In 2001, an apartment owner filed a class-action suit against the city of Chicago based on claims that a device known as a rainblocker, which restricted drainage into sewers, actually caused flooding by backing water up into homes. That suit lost in the trial and appellate courts, which noted that city officials had discretion in judging costs and benefits, but it took 11 years.
Last year, an appellate court ruled against a man who sued Elmhurst, saying negligent sewer maintenance cause sewage backups in his home. Both rulings said tort immunity protected the municipalities.
One resident whose home suffered damage in last year’s floods wishes local governments would do more to prevent flooding but is unsure of Farmers’ approach.
Ronald Madon, 75, endured nine floods in 26 years while living on a channel in Fox Lake. He was forced to move out after flooding in April of last year filled his home with a few feet of water. He’s been living with his daughter in Lake in the Hills since.
He was approved for a federal grant of $30,000 to elevate his house but expects the costs will be far more. He’s not sure what to make of the Farmers suit, saying, “I don’t know what the village could do to prevent the water,” Madon said.
Of course, local governments have taken many steps and spent millions to minimize flooding. Chief among the efforts has been the Deep Tunnel, a network of sewers and reservoirs that can hold 2 billion gallons of water. Continuing work is expected to expand capacity to 17 billion gallons, but its completion is still years away.
Daniel Jasica, a chief deputy state’s attorney for Lake County, said he believes the Farmers lawsuit will face “significant legal hurdles,” including a tort immunity challenge and “Act of God” defenses.
Like other suburban counties, Jasica said, Lake County has a comprehensive watershed development ordinance that applies to new construction to ensure it doesn’t create or exacerbate flooding.
And also like other public entities around the Chicago area, the county has received federal funds to purchase property that commonly floods so it can no longer be developed.
“On behalf of the county, we will certainly be vigorously defending the case,” Jasica said.
Just Tuesday, the Lake County Board approved spending $7 million on a regional water storage system that would help mitigate water overflow, he said.
Other municipal leaders also noted what they said were extensive, expensive efforts to address flooding.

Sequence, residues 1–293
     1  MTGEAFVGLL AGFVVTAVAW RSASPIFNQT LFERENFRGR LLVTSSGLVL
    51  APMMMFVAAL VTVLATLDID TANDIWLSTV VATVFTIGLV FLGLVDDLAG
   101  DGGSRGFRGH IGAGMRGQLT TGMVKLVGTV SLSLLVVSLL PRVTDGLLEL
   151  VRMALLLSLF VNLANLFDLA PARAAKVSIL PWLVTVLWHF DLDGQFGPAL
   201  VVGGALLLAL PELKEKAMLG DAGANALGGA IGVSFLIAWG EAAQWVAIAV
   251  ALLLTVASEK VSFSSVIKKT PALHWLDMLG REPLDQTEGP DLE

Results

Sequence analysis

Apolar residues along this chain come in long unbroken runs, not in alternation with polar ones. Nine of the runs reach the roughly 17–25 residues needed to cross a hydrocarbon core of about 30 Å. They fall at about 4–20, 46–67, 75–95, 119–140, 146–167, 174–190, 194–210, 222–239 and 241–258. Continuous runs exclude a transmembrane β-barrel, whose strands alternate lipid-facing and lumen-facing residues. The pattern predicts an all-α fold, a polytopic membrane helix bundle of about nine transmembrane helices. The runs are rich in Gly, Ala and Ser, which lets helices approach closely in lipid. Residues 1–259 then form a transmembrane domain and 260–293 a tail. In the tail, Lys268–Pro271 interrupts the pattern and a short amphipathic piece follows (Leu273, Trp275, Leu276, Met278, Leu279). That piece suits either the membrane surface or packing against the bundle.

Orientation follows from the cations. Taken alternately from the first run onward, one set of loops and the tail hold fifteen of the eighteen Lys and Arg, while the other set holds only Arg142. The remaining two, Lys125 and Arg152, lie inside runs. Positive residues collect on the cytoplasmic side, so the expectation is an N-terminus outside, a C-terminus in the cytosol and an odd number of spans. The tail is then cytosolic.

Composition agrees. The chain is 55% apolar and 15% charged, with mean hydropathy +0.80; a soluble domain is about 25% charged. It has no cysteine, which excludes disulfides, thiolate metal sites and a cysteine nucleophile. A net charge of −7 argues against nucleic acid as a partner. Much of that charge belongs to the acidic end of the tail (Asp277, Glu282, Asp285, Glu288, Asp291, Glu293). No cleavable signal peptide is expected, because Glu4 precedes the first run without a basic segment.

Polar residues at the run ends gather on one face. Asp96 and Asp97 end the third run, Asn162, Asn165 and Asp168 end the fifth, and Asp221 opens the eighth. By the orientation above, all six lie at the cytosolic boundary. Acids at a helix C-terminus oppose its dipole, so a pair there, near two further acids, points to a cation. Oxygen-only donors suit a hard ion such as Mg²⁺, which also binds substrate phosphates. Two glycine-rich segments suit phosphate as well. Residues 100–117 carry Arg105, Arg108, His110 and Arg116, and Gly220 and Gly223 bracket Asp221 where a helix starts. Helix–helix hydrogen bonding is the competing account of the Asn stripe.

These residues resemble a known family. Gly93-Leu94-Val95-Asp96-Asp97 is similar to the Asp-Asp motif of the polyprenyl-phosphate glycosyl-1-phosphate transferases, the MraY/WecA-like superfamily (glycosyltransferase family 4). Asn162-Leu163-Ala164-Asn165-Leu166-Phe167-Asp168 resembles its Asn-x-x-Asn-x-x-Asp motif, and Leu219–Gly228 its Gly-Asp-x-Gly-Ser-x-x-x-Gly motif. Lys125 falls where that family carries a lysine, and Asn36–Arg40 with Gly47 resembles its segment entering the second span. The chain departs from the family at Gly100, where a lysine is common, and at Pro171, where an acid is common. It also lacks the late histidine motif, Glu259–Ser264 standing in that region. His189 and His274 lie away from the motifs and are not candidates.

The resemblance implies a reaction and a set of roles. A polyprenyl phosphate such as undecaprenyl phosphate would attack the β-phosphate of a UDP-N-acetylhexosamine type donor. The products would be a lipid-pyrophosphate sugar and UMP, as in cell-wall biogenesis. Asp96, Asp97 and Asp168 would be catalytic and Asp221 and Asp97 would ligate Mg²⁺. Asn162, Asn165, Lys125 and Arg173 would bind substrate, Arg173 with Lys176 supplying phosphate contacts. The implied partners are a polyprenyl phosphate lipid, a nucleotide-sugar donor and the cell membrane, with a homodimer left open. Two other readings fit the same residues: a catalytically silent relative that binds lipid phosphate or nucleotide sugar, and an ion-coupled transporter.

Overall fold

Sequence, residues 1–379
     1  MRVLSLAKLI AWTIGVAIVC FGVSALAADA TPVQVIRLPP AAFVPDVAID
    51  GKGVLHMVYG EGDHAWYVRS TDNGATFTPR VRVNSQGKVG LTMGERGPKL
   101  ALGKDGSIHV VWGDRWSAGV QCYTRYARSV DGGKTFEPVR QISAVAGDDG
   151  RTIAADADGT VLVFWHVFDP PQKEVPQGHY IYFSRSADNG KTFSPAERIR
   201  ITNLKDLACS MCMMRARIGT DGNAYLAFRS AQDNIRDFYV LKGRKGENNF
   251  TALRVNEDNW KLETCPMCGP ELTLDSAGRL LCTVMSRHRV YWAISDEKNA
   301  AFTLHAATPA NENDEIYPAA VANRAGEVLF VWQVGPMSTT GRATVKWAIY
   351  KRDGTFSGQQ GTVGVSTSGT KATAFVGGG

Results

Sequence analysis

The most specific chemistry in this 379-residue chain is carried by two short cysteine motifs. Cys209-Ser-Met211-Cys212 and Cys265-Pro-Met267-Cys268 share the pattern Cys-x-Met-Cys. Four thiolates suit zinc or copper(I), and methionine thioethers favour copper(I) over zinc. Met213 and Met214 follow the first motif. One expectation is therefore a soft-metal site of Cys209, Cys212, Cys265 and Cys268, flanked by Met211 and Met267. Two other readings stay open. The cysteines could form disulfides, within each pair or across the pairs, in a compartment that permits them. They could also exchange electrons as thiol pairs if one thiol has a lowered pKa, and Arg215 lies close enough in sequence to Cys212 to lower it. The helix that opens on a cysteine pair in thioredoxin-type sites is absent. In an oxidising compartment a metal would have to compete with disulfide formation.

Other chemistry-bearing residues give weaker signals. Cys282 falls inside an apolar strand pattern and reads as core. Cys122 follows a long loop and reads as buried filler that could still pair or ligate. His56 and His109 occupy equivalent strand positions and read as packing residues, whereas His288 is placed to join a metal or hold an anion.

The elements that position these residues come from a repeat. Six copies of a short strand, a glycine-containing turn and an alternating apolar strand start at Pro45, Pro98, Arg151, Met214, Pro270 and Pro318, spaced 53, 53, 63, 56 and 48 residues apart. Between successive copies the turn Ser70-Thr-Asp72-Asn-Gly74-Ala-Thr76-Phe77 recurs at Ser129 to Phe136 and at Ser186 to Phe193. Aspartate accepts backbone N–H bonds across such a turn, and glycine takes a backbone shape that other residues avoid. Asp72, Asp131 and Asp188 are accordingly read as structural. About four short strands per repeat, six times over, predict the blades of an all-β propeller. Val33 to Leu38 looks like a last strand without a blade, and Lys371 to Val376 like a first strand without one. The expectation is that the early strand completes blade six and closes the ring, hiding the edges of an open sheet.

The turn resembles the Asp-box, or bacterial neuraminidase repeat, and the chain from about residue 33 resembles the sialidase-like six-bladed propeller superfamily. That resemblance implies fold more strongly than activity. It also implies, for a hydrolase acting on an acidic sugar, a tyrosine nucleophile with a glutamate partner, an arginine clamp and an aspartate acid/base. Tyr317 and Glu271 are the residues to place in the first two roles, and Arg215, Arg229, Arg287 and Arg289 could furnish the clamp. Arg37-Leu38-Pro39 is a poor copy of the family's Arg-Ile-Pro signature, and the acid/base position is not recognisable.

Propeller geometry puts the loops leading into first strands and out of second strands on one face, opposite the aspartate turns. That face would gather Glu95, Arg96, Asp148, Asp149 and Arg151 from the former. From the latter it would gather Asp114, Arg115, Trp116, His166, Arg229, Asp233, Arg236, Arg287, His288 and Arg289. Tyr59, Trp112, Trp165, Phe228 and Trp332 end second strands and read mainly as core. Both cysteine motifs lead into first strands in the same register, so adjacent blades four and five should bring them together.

In Glenview, the issue is “obviously a huge priority to our board,” said Village Manager Todd Hileman, noting the village plans to spend about $30 million over the next five years on flood-reducing infrastructure projects.
Hileman called the Farmers lawsuit “a publicity stunt” and said it’s unrealistic for any municipality to have perfect infrastructure.
“What’s next?” he said. “Is there not going to be any potholes allowed?”
In fact, insurance companies have gone after local governments over potholes too. Naperville was sued by an insurance company that paid out a claim to a driver whose car was damaged by a local pothole, city spokeswoman Linda LaCloche said.
Though suits seeking reimbursement for insurance companies are not unusual, this type of class-action litigation against dozens of governments is unusual, experts said.
Gary Wickert, a Wisconsin lawyer who specializes in insurance subrogation, said he believes insurance companies have taken the practice “more seriously” in the past 25 years. Wickert — who has represented Farmers Insurance in other matters but was not aware of the local litigation filed by Illinois Farmers Insurance Co. and Farmers Insurance Exchange — said subrogation holds down insurance premiums and makes sure those responsible for damages are held accountable.
Roger Baron, a University of South Dakota law professor who has criticized insurers’ actions in subrogation cases, said he doubted the practice truly holds down premiums. He questioned whether homeowners who suffered flood damage would benefit from the local litigation.
“Is the interest of the insured going to be protected?” he said.
In the case of the Farmers lawsuits, the financial implications could be even murkier because many municipalities buy insurance to help pay legal claims against them. That means if Farmers wins damages from any of the municipalities, the payouts might be made by another insurance company.
Tribune reporter Alex Chachkevitch contributed.